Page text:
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Learning Disability Module

 

Impact of Learning Disabilities on Social and Personal Interactions

LD affects not only academic functioning, but it also can affect vocational areas, social relationships, and family dynamics (Skinner, 2004). Social information processing is considered one of the most challenging domains for some students with LD as it requires that the individual draw on cognitive skills (e.g., attention, memory, reasoning, focusing, and processing information) that may be impaired (Bauminger & Kimhi-Kind, 2008). This may result in social-emotional difficulties, including limited emotion recognition skills, poor social skills and emotion understanding, and peer rejection. One component of social skills that some students with LD may lack is social perception (Florida Tech Net, ND). For example, an individual may be unaware of personal space or misperceive social situations. At the college level, this may manifest itself through frequent interruptions of classmates or professors during class discussions, or an inappropriate reaction to sensitive topics. Other students with LD may experience issues with establishing social relationships. Some social problems may relate to spoken language disorders; however, the majority of social relationship issues stem from an individual’s lack of understanding on how to act and what to say to people in specific social settings (Bauminger & Kimhi-Kind, 2008). In the postsecondary environment, students with LD may struggle with group projects, as well as communicating ideas relating to or demonstrating understanding of course content during class discussions. It is important to note, however, that not all students with LD have difficulty with such social skills or in establishing and maintaining relationships.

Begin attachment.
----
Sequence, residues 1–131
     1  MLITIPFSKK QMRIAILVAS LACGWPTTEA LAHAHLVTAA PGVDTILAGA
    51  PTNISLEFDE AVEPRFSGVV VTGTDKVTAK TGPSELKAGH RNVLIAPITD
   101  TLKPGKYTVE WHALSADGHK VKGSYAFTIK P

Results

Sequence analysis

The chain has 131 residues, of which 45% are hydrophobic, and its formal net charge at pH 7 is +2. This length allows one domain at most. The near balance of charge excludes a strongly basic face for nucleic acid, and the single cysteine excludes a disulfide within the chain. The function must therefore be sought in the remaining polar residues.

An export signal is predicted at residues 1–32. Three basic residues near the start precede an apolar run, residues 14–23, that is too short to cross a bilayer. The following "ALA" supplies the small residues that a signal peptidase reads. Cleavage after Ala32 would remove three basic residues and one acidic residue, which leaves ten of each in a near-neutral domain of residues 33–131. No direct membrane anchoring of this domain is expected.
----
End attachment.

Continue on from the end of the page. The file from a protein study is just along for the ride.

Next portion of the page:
References

Bauminger, N., & Kimhi-Kind, I. (2008). Social information processing, security of attachment, and emotion regulation in children with learning disabilities. Journal of Learning Disabilities, 41, 315-332.

Florida Tech Net (n.d.). Florida bridges to practice - web-based training component. Retrieved from http://www.floridatechnet.org/inservice/bridges/tables.PDF

Skinner, M. (2004). College students with learning disabilities speak out: what it takes to be successful in postsecondary education. Journal of Postsecondary Education and Disability, 17(2), 91-104.

 

Permission is granted to copy this document for educational purposes; however, please acknowledge your source using the following citation:

UDI Online Project. (2011). Learning Disabilities (LD) Module. Center on Postsecondary Education and Disability, University of Connecticut, Storrs. http://udi.uconn.edu/index.php?q=content/learning-disability-module.